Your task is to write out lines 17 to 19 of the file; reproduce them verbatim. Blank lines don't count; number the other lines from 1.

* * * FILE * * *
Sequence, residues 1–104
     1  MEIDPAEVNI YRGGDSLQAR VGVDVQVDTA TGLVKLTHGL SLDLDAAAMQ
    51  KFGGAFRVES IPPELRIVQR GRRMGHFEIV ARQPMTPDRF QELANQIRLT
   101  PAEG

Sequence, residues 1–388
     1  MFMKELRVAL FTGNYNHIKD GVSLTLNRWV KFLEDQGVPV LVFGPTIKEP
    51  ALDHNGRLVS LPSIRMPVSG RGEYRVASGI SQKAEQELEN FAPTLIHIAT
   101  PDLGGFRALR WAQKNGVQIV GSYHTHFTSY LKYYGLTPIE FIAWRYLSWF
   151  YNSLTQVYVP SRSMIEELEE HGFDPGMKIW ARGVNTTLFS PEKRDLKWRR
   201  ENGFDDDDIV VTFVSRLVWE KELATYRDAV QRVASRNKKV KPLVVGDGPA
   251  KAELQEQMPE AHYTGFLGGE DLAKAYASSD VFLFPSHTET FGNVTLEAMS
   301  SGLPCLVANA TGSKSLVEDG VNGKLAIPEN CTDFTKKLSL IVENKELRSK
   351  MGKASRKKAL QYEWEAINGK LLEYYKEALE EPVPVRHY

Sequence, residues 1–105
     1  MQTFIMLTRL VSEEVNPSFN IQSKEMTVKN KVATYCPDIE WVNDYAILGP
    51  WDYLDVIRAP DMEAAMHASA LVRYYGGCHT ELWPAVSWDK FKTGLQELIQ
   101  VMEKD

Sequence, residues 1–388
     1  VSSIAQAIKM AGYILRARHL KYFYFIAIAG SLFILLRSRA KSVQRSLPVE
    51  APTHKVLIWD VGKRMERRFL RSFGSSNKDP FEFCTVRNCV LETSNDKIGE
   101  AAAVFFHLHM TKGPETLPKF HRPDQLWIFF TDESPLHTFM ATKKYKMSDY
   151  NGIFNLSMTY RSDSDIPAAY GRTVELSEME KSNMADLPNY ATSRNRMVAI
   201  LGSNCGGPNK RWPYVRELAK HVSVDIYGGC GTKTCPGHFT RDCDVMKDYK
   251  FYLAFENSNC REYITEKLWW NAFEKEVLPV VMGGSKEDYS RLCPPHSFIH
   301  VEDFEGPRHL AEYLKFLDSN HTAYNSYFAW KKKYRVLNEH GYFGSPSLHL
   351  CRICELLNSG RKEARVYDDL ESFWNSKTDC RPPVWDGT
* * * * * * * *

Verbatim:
   101  VMEKD

Sequence, residues 1–388
     1  VSSIAQAIKM AGYILRARHL KYFYFIAIAG SLFILLRSRA KSVQRSLPVE